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Is Binge Watching Hazardous to your Health?

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by Ellen Blake

originally posted 8.10.2019
updated 1.5.2021

Are you a binge watcher?

You might be a binge watcher if you sometimes sit down to watch one show and two or three hours later you’re still in front of the TV with your eyes starting to glaze over. 

I’d like to say I’m not a binger, that I’m one of those fully disciplined people that can sit down to watch one show only. However, I recently admitted, if only to myself, that I definitely can be easily sucked in to watching two – five episodes of a series in one night, especially at the end of a long day. And particularly when stuck in my house for days on end due to the pandemic. Once I sit down in my comfortable chair, an enormous bag of chips from Costco in one hand and the remote in the other, it’s very hard for me to get up and get moving. My most recent guilty pleasures include Big LIttle Lies and Schitt’s Creek. Have you seen either? If not, please don’t judge me. Both are wonderfully written and acted shows that are incredibly tough to turn off.

It happens to the best of us. Thanks to On Demand, HBO and various other streaming platforms like Netflix, we have access to hundreds of options we can watch in one sitting. A survey from the U.S. Bureau of Labor Statistics shows the average American spends approximately 2.7 hours watching TV per day, which adds up to almost 20 hours per week in total. In fact, according to  a Netflix survey 61 percent of users regularly watch between 2-6 episodes of a show in one sitting. (Note: these stats were compiled before Covid-19, so the numbers are likely much higher now).

How can binging be bad when it feels so good?

If you’re like me, I enjoy my binges. Most of the shows I watch are highly entertaining and the time I spend in watching them very relaxing. So what’s the harm? I’m not saying you shouldn’t binge watch anymore, but stay cognizant the potential problems associated with overindulging. If you are going to binge, simple changes can help you do so more healthfully.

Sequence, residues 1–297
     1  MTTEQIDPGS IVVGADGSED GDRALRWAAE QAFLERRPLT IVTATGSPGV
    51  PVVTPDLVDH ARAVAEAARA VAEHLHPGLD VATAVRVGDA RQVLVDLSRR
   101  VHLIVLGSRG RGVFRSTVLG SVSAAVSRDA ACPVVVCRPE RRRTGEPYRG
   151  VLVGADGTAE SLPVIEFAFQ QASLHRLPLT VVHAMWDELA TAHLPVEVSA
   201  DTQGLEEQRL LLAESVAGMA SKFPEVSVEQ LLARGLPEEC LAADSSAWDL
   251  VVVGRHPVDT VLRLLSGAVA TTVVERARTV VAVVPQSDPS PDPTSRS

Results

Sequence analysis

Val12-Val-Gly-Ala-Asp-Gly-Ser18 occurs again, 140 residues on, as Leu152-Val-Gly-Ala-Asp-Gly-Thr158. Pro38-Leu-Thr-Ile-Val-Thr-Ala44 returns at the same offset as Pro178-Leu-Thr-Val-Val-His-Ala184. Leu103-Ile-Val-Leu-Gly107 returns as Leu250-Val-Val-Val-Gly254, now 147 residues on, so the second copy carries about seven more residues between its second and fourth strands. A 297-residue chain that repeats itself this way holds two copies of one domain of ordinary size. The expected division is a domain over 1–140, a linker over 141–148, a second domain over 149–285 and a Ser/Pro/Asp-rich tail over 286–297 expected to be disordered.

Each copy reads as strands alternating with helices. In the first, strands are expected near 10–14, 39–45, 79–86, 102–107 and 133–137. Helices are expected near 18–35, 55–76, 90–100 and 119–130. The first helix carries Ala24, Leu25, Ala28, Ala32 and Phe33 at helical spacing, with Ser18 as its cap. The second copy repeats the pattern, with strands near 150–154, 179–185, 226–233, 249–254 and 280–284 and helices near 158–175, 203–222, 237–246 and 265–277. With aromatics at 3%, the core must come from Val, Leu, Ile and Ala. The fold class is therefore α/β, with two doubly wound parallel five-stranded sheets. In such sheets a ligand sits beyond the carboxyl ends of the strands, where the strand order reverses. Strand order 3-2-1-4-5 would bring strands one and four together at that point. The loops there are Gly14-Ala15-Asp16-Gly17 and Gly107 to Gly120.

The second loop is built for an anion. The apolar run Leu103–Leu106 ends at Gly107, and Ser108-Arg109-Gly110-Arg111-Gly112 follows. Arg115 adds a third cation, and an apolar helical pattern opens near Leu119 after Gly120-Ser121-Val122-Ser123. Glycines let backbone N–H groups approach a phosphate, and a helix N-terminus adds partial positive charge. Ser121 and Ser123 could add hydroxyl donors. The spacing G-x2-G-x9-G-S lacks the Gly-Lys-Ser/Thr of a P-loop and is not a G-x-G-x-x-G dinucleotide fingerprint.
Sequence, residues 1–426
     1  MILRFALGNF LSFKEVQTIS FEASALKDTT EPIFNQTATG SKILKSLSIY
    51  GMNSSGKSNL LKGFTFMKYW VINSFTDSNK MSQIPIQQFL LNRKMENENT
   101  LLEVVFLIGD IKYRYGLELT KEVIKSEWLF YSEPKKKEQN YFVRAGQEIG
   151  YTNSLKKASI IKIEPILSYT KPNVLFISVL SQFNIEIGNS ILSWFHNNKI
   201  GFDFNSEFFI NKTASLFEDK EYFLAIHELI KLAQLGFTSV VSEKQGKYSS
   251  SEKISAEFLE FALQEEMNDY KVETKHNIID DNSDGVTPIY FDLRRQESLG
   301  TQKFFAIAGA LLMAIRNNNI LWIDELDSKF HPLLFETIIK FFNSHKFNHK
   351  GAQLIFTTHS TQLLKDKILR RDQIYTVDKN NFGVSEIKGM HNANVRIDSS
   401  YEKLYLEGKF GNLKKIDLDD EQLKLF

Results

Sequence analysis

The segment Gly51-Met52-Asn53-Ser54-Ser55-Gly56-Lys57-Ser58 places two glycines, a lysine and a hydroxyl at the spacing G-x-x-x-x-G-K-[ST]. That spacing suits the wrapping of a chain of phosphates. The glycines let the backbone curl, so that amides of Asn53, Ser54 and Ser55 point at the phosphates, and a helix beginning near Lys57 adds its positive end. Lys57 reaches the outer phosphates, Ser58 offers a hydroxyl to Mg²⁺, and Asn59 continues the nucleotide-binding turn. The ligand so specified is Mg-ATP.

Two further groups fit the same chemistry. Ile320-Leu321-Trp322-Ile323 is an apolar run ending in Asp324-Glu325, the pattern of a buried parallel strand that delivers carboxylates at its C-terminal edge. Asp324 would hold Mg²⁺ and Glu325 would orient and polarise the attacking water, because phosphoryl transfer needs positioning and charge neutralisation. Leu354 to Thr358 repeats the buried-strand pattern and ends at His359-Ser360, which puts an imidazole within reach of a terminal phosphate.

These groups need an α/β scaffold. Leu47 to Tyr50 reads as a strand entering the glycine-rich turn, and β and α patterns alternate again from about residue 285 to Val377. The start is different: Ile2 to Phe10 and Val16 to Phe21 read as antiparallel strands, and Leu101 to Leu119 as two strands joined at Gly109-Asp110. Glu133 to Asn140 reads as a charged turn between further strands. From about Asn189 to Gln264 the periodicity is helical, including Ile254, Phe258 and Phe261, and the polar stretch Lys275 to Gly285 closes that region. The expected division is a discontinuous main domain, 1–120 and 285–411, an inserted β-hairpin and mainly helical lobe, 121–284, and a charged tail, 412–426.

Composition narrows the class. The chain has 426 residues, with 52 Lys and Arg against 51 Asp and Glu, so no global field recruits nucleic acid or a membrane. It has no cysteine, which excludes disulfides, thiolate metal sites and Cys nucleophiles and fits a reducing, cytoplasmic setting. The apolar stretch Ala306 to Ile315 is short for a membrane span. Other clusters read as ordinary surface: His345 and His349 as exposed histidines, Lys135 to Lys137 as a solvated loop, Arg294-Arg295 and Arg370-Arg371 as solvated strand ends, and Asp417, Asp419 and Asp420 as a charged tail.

Eating is an automatic response to watching a screen for some people. Think about the concession stand at the cinema – movie goers generally buy popcorn and candy as part of the experience, not to satisfy their hunger. The same is true for people watching at home too. One of the problems with this habit is that your attention is on the screen, the plot and the characters in the story, not on what you are eating. It’s easy to go through a large bag of chips by yourself if you are not thinking about what you are putting in your mouth. To make matters worse, when you sit for long stretches your body burns fewer calories, storing the extra as fat.


Too much screen time may make your eyes sore and dry, and ultimately give you blurry vision. Don’t forget to blink to keep your eyes moist and healthy and look to the side every 20 minutes for 20 seconds or so. Also, your screen should be 20-28 inches away from you. The light on the screen may cause headaches for some people; try dimming the brightness on the screen to avoid this problem.


Sleep is important; most of us need 7-9 hours a night. If you get wrapped up in a show and don’t go to bed at a reasonable time, you may pay for it the next day. Lack of sleep can cause car wrecks, bad decisions, depression, and heart disease. Staying up late once in awhile is no big deal, but watch out if it becomes a habit.


You can stress your back muscles, neck and spine with too much binge watching. Sit straight in a chair that supports your back when you plan to sit for an extended period of time. Perhaps you could stand to watch for short intervals. Most importantly get up and move around every hour or so.


Sitting for long stretches increases your risk of health problems such as diabetes, heart disease and cancer, even if you also exercise regularly. It’s a good idea to take mini breaks from sitting to stand, stretch and move around. Also, sitting too much and too long increases your chance of getting blood clots in your leg that could go to your lungs and block blood flow, a condition called a pulmonary embolism. Make sure you drink plenty of water, wear loose clothes, and get out of the chair to walk around every hour or so to help avoid this condition.




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